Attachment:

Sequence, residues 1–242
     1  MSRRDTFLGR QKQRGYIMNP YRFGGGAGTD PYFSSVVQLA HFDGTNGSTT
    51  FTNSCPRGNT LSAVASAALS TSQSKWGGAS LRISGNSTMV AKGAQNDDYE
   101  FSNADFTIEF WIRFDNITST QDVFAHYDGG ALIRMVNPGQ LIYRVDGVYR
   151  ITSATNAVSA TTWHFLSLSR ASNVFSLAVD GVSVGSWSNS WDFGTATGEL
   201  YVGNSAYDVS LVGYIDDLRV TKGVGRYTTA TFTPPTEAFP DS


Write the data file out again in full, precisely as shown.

Sequence, residues 1–242
     1  MSRRDTFLGR QKQRGYIMNP YRFGGGAGTD PYFSSVVQLA HFDGTNGSTT
    51  FTNSCPRGNT LSAVASAALS TSQSKWGGAS LRISGNSTMV AKGAQNDDYE
   101  FSNADFTIEF WIRFDNITST QDVFAHYDGG ALIRMVNPGQ LIYRVDGVYR
   151  ITSATNAVSA TTWHFLSLSR ASNVFSLAVD GVSVGSWSNS WDFGTATGEL
   201  YVGNSAYDVS LVGYIDDLRV TKGVGRYTTA TFTPPTEAFP DS